Why you need to learn the basic principles of Futures studies

Oriol Gasquez
Dec 13, 2016 · 4 min read

What if large corporations, blindsided and brought to their knees by new technology, had been able to anticipate future trends?

What if the millions of unemployed due to recession had been able to see the impending financial crisis coming and prepare accordingly?

Let’s be clear: predicting the future with certainty is impossible; the world is just too complex. Even with the help of technology, we may be never get it 100% right (note this is a prediction itself).

However, it is possible to research and “forecast” possible future scenarios in a way that enables us to shape our future to suit our preferences. This is the primary focus of futurists: the people who research futures studies and develop the skills and tools that enable us to forecast significant events and plan accordingly.

I’m not a professional futurist (I spend most of my time building software for lunar robots), but two years ago, I had the opportunity to learn the foundations of the science of futures studies firsthand from world-class expert Dr. Jim Dator. My colleagues at function(core) and I have applied those concepts to help ourselves and other companies become “future-proof.”

Dator’s Laws of the Future

Professor Dator uses three concepts to help explain what futures studies are:

  1. The future cannot be predicted because the future does not exist.”
    The only thing that can be said to exist is what is in the present moment. Therefore, we can only study “images of the future.” These are “alternative futures” that we can “forecast” according to current trends in areas such as technology, politics and economy.
    Futurists look at a forecast and envision and implement an alternative, “preferred future.” Due to the scope and evolving nature of the processes involved, these alternative futures will continuously change, so futurists must create an adaptable guiding vision, rather than a specific blueprint.
  2. “Any useful idea about the futures should appear to be ridiculous.”
    New technologies allow new behaviors and values that challenge old beliefs. Leveraging new technology is a fundamental aspect of the work of future studies, and the proposed behavioral shifts they imply mean that futurists are frequently challenging the norms of society. This means that futurists are often controversial; but if they want their ideas to be useful, they should expect to be.
  3. “We shape our tools and thereafter our tools shape us.”
    Technological change triggers social and environmental change. Everything is connected. Think on how the world has changed in the last decade due to technology.
    Now think: how will it change in the next 10 years?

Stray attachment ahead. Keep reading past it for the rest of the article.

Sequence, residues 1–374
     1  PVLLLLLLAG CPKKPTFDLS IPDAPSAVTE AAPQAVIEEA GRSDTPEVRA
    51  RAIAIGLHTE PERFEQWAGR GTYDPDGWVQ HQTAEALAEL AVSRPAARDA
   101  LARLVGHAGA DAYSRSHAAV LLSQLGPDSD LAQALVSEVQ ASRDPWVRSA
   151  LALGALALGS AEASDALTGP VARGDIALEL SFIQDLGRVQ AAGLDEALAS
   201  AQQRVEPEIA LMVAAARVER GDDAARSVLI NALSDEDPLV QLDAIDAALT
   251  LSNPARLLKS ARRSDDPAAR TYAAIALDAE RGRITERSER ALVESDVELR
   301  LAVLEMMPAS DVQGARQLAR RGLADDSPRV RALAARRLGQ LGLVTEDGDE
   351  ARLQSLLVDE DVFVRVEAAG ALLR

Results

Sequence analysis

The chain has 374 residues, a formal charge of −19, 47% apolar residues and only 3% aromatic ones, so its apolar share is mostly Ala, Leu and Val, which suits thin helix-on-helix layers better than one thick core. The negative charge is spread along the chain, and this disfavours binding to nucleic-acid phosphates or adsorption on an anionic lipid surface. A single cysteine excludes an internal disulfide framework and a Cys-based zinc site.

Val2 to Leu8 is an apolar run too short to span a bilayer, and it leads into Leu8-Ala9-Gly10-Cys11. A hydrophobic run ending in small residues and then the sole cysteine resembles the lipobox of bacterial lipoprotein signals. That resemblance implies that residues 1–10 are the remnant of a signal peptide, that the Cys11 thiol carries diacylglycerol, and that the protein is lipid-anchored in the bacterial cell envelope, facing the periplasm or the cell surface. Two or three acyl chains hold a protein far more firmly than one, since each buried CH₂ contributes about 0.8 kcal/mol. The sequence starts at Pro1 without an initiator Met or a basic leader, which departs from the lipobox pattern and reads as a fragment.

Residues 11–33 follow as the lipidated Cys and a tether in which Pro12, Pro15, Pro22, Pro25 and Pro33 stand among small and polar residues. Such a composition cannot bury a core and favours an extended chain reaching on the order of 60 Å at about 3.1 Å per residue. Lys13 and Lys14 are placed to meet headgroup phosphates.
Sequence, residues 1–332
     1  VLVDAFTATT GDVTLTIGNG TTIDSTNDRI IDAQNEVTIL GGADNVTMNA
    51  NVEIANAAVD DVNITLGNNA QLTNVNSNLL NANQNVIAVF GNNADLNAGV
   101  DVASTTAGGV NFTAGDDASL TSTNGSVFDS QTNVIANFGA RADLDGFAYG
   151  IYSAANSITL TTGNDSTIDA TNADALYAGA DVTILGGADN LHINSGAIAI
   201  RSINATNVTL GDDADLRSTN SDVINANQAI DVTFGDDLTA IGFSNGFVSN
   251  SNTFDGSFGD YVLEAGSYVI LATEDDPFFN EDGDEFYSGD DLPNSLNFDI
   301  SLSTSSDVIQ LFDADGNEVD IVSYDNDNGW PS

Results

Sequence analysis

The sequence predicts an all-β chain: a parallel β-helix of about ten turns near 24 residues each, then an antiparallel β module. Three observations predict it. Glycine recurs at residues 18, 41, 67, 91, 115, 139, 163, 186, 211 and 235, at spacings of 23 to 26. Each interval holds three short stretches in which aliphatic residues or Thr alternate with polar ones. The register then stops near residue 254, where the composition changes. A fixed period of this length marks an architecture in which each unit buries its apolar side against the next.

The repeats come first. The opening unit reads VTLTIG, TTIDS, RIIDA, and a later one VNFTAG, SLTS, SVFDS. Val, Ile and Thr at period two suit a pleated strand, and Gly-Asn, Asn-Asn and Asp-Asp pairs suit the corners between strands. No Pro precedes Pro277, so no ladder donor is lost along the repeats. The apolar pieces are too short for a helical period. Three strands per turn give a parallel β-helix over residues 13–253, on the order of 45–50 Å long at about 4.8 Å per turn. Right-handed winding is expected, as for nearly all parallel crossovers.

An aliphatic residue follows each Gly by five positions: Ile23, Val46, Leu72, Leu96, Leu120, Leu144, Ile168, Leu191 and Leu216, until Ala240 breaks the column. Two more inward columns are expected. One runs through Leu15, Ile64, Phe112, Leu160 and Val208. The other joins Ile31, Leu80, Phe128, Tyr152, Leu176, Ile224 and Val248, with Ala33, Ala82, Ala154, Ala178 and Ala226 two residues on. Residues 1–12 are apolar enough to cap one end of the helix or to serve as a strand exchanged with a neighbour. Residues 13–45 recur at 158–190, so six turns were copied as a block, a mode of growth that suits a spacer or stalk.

If you can do this, you’re already on the path to thinking like a futurist.

Take action

Learning how to research alternative futures, how to define a preferred future, and act to make it happen has helped me a lot to define my personal path, as well as in improving the strategy of the companies I have worked with.

For example, I researched the futures of the space industry by the year 2040. One of the outcomes was that the space economy will thrive when the obtention and use of resources in space becomes common. The moon and asteroids around the Earth can be a source of water that can be turned into rocket fuel, as well as rare metals that can be used for manufacturing in space. For me, this a preferred future, because it can benefit a lot life on our home planet and the human exploration of the Solar system. Therefore, I decided to make a career change into this area. I found software engineering to be an interesting field of work in that scope (robotics play a key role in it), and at the same time is future-proof (the skills I learnt and continue to develop open many opportunities for me in any other technology area). So, in less than a year, I targeted this goal and landed a job with a pioneering Japanese startup in the field of lunar exploration. I can say I’m working to make my preferred future a reality.

Now I work every day to make the moon reachable for all of us. This is my preferred future. Which is yours?

Now it’s your turn. Answer these questions:
— How were you 10 years ago (personally, professionally, emotionally)?
— What future did you imagine for yourself?
— Did your imagined future become a reality?
— Have you ever thought about alternative futures for yourself?
— Have you ever thought about what kind of future you would prefer for yourself?
— Have you ever thought about how to make it happen?
— And most importantly: are you making it happen?

Let me know your thoughts in the comments!

This article was focused on the why. In following articles, I will detail the how-to of futures research as it can be applied to your personal life as well as to companies and international organizations.

Stay tuned!

References & further reading

What futures studies is, and is not, by Dr. Jim Dator

Thanks to Colin Gibson

Oriol Gasquez

Written by

Software Eng. for lunar exploration at team HAKUTO of the Google Lunar XPrize. Strategist at function(core).

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